November – Bee Balm Latin name:  Monarda punctata (other species commonly utilized – M.fistulosa, M. didyma, M.citriodora ) – Lamiaceae Common name: Bee balm, horsemint, spotted bee balm, dotted horsemint, bergamot Usage:  The Monarda genus is endemic to North America and contains about twenty species, many of which have a history of medicinal usage. Monarda punctata, or spotted beebalm, is our Florida native species and can be found growing in the Bodhi Garden here in Orlando.  The leaves and flowers of Monarda punctata are utilized both internally and topically, both fresh and dried, to support a range of issues.  Energetically you will find the bee balms to be warming and drying.…

  • October 2019 Plant of the Month – Ashwagandha

    October – Ashwagandha By Salicyna – Own work, CC BY-SA 4.0, https://commons.wikimedia.org/w/index.php?curid=61791504 Latin name: Withania somnifera – Solanaceae Common name: Ashwagandha, Indian ginseng, winter cherries,asgandh Usage: Here in the Western world, ashwagandha root has recently gained quite a bit of popularity as an adaptogen. However, this plant has been revered for its many medicinal properties for over 3000 years. The root as well as the aerial parts of the ashwagandha plant have a history of use in the Ayurvedic tradition of India.  In sanskrit, the word ashwagandha means “smell of the horse,” referring to the horse-like smell of the root. Somnifera, in Latin, means “sleep – inducer”. Ashwagandha root is…

  • September 2019 Plant of the Month – Sida

    September – Sida Sida rhombifoliaLatin name: Sida rhombifolia, Sida ulmifolia, Sida acuta, Sida cordifolia  – Malvaceae(* A note on S.acuta vs. S.ulmifolia – “ Although S. acuta has often been applied to Florida material, Krapovickas (2003) restricted the use of S. acuta to plants with a glabrous to ciliate calyx and (5-)6(-7) mericarps. Sida ulmifolia is then applied to plants with a stellate-pubescent calyx and 7-12 mericarps, which applies to the specimens common in Florida.” Wunderlin et al, Atlas of FL Plants  2019. According to historic use and research, it can be presumed that these two species may be used interchangeably.)  Common name: Broomweed, wireweed, teaweed, fanpetals, Cuban jute,Indian hemp, bala Sida acuta By J.M.Garg Usage: There are 11 species within the Sida genus that grow…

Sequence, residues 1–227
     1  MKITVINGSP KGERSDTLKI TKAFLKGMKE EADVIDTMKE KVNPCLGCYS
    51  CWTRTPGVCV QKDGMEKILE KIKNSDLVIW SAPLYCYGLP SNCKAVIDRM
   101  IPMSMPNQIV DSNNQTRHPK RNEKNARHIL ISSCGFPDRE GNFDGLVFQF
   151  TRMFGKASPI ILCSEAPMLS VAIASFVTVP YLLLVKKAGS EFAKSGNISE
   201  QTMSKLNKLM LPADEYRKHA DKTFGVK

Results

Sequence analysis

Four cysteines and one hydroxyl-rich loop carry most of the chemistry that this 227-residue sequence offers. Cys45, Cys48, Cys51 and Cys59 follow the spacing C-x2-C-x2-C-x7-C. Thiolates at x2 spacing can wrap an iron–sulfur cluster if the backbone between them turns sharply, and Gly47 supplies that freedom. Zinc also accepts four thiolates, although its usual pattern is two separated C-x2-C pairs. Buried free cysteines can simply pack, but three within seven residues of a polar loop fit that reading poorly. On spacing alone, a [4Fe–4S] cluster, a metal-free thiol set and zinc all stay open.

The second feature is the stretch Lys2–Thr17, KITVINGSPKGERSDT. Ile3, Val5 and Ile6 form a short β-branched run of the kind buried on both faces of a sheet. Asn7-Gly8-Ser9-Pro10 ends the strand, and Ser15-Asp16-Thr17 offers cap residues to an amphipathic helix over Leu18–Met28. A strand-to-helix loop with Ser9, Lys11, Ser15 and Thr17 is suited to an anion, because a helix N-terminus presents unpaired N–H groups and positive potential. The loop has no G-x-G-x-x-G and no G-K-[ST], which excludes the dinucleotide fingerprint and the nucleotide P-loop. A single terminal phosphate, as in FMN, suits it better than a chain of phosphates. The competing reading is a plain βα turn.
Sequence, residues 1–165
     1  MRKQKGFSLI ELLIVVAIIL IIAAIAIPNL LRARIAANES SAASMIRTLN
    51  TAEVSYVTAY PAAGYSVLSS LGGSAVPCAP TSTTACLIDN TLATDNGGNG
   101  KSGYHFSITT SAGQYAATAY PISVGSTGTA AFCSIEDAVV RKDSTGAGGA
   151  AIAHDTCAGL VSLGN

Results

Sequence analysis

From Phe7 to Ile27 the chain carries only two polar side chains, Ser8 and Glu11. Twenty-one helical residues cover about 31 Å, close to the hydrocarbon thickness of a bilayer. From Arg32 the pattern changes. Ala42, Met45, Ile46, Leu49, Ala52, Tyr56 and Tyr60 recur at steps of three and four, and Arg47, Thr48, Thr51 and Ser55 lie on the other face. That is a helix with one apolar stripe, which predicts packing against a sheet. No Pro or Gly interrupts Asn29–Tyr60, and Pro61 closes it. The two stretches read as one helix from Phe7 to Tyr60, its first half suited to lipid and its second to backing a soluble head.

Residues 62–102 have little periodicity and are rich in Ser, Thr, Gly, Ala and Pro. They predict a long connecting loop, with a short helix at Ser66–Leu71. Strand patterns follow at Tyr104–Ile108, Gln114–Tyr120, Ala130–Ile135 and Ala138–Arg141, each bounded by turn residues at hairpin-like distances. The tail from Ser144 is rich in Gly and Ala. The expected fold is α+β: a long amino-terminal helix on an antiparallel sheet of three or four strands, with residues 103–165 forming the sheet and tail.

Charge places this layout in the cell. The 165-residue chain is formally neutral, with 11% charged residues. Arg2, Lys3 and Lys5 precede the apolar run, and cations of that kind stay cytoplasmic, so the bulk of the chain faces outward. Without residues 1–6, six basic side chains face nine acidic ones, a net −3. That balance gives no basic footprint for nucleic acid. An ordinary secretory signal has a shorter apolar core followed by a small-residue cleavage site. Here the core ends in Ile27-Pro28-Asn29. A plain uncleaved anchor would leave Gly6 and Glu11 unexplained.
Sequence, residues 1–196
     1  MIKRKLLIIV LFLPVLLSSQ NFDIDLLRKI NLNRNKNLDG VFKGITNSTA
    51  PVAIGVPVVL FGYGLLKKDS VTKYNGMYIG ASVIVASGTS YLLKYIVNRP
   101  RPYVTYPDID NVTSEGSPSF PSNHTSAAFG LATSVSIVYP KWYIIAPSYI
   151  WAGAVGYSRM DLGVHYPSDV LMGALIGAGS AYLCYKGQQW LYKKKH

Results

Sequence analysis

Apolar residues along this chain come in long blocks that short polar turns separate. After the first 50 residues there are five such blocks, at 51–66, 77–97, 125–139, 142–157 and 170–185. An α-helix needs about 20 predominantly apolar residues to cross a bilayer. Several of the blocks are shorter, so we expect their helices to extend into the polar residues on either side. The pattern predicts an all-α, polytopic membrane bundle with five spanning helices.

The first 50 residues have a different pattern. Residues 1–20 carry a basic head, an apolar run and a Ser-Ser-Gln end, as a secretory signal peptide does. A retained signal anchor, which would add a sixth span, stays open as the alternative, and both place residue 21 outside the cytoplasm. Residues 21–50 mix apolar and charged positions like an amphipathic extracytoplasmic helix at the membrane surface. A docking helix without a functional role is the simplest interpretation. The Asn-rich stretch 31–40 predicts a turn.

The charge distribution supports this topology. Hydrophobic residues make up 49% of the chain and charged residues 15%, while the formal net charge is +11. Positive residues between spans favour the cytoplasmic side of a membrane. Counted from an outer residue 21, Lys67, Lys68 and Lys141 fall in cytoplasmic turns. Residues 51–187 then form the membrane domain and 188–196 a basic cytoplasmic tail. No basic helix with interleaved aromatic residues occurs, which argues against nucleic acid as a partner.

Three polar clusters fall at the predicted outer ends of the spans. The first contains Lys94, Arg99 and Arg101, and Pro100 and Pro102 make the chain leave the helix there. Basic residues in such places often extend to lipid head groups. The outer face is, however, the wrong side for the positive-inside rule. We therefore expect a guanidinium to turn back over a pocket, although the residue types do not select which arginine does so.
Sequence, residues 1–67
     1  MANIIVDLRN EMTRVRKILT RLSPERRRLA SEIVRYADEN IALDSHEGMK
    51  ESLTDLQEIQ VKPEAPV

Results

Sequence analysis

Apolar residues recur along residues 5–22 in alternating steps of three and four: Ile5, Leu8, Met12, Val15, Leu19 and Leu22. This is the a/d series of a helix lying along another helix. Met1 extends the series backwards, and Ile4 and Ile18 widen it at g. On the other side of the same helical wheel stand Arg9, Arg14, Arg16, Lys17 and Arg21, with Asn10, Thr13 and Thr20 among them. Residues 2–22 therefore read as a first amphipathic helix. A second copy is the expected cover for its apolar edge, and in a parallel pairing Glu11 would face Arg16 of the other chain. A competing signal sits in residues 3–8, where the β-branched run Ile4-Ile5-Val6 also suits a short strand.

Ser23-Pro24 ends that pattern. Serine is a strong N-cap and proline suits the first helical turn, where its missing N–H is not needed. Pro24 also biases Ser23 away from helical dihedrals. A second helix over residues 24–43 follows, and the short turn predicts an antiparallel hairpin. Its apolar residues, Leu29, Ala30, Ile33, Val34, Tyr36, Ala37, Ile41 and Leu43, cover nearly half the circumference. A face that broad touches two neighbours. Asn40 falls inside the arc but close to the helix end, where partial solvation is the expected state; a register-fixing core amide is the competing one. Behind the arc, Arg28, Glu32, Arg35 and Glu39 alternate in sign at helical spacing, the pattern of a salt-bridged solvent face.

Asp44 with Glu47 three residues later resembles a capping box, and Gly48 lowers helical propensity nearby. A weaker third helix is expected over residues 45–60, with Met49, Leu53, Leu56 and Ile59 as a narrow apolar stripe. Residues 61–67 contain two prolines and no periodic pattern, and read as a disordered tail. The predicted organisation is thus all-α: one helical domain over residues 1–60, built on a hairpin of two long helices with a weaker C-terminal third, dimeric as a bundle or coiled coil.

• August 2019 Plant of the Month – Spiderwort

    August – Spiderwort Latin name:  Tradescantia ohiensis – Commelinaceae Common name: Spiderwort, bluejacket, Ohio spiderwort, day flower Usage:  Tradescantia ohiensis, or spiderwort, is a Florida native edible and medicinal plant that is tolerant of the intense summer heat. You will find spiderwort blossoming year round in Florida, but the height of its bloom is in the spring. Energetically, spiderwort is a cooling, soothing plant. The fresh leaves and stems can be made into a poultice and used topically  to relieve inflamed skin conditions, similar to Aloe vera. Tradescantia species are used by First Nations people throughout North America. T. virginiana, a species found farther north, is utilized by Cherokee people…

  • June 2019 Plant of the Month – Tulsi

    June: Tulsi, Holy Basil Latin name: Ocimum gratissimum – Lamiaceae, (Other variety – Ocimum sanctum syn. Ocimum tenuiflorum ) Common name: Tulsi, holy basil, sacred basil,Vana tulsi (O. gratissimum) Krishna tulsi (O.sanctum) Rama tulsi (O. sanctum), African basil (O. gratissimum), clove basil(O.gratissimum) Usage:  Within the Ocimum genus there are about 60 different species, all of which are relatives of the common culinary sweet basil (Ocimum basilicum). There are two species of holy basil within the Ocimum genus, O. sanctum and O. gratissimum. Medicinally the two species can be used relatively interchangeably. Here at the Bodhi Garden in Central Florida we see Ocimum gratissimum, or Vana Tulsi, thriving year round. It…